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he received attention from the british government. really could not be reconciled with americans generally. he hoped he could be reconciled with his father. the political split. at the end of the war, benjamin franklin who had been in paris ecnegotiating with the french government turns to the united states. he stops in southern england. benjamin franklin holds out the hand of record filiation. let bygones be bygones. benjamin franklin would have nothing to do with it. he felt really wounded by the fact that his son had not sided with him in the british
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government. this was a case, it is almost hard to explain after the war was over, just wake up. he could not be with his own son. >> i think that our time is just about up. is there anything that i should have asked you about the book that i did not? >> i can add that our viewers are still curious. >> i highly recommend it. thank you so much.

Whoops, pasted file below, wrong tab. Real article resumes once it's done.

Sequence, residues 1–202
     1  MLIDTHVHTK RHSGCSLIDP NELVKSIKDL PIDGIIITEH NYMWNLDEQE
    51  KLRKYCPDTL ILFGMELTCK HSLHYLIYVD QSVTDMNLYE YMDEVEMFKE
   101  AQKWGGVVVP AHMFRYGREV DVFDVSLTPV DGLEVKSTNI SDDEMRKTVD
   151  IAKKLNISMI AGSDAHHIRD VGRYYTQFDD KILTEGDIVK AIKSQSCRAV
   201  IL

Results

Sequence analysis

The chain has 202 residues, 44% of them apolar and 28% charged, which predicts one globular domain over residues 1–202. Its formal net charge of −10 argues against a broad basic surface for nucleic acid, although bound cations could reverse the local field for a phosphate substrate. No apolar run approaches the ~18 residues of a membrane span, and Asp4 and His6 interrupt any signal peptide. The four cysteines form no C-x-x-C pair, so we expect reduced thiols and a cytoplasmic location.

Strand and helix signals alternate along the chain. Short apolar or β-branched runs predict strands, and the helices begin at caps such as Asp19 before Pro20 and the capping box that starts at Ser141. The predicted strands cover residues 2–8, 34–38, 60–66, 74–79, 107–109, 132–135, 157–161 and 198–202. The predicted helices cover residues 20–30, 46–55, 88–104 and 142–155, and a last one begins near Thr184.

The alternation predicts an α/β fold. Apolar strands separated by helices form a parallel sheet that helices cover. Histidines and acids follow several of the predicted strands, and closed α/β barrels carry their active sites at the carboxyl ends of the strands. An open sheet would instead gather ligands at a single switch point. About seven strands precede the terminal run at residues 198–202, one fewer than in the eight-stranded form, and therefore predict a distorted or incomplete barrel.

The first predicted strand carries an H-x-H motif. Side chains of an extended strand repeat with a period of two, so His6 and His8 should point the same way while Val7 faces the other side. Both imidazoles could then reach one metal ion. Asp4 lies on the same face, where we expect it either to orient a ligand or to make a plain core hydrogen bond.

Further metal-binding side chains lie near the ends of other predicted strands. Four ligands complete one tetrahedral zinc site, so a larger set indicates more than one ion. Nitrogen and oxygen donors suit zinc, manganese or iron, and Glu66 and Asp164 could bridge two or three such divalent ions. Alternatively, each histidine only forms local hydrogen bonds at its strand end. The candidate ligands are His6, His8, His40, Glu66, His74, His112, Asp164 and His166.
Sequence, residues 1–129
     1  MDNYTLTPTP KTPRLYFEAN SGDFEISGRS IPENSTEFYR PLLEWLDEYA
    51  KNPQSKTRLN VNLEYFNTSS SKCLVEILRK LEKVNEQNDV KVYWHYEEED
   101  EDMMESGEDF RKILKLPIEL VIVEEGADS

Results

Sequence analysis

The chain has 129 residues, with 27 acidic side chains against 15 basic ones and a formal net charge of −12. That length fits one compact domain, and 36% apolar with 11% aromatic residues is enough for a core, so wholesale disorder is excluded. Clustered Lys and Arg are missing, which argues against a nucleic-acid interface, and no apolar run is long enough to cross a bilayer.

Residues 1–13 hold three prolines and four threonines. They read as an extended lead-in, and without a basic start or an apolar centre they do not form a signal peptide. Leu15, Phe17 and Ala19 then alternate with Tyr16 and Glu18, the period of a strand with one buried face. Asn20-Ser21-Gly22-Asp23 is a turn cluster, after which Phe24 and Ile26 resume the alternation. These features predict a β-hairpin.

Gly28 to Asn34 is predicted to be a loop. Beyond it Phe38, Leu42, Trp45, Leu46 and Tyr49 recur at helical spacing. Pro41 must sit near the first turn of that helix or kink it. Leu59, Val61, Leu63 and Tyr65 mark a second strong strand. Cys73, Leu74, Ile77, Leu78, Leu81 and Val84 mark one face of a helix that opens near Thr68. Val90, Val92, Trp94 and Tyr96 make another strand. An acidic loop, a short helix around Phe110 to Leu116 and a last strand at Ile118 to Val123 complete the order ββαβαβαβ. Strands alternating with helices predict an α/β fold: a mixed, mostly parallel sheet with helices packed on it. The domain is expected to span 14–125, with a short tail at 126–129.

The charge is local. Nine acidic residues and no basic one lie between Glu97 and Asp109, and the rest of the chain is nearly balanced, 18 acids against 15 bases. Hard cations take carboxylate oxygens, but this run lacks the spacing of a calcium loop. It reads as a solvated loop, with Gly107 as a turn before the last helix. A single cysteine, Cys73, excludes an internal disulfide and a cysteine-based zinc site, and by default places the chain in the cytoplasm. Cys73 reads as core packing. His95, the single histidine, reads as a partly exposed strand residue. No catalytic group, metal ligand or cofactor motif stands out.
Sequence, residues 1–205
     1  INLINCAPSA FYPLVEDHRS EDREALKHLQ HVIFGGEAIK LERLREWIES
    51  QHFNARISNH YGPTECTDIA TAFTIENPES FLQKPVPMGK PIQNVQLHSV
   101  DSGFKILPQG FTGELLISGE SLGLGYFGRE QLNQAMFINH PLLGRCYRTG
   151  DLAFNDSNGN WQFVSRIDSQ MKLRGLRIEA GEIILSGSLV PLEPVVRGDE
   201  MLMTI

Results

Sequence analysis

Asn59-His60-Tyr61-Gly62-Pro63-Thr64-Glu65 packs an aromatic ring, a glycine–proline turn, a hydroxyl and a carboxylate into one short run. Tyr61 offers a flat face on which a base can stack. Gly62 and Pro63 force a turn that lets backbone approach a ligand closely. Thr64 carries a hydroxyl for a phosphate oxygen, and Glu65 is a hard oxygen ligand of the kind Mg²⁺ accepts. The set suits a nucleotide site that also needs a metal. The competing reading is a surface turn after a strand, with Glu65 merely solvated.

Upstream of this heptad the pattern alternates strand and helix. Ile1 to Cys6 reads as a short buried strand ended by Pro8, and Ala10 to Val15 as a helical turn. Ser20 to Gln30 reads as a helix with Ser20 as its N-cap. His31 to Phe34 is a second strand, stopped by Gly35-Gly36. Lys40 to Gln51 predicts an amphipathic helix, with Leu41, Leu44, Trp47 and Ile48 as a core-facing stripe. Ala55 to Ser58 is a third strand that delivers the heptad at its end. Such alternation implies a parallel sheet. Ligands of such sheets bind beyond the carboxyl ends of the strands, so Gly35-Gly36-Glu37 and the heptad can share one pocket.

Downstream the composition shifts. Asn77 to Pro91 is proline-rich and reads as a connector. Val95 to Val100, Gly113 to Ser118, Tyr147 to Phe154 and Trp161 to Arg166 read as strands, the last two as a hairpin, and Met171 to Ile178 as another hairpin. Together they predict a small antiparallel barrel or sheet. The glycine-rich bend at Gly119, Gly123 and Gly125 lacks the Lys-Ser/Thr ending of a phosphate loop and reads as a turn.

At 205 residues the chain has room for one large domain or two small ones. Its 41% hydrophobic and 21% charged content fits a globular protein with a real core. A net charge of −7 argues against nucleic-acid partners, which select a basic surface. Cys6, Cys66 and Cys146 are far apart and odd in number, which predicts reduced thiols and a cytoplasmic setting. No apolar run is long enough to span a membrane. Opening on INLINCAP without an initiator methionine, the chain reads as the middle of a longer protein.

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>> democratic senator briscoe. the partisanship and senate. here's a portion of their conversation. >> you have to trust you will talk to somebody that they will listen to what you have to say. share your thoughts back with you. that is important. you have to trust that when you get together that somebody just does not walk away from you. leaving you high and dry. partnerships in business as well as personal relationships. you have to have more of that. if you are not going to have that, you will not cross the aisle. to get out of here. something like that. if you feel like you can go talk to somebody, having any question